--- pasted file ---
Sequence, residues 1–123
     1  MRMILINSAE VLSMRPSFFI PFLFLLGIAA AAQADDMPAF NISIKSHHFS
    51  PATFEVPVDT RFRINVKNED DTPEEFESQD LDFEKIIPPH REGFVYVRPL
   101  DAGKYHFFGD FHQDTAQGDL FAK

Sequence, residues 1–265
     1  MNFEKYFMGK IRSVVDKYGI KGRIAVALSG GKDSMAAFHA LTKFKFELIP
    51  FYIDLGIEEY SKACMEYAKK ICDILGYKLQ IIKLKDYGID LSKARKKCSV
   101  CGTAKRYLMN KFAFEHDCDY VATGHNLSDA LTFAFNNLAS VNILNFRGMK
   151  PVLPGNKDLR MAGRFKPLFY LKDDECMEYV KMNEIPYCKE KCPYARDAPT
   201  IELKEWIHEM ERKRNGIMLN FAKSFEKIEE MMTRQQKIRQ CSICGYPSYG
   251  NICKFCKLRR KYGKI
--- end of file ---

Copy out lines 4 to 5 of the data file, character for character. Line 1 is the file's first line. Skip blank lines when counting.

   101  DAGKYHFFGD FHQDTAQGDL FAK

Sequence, residues 1–265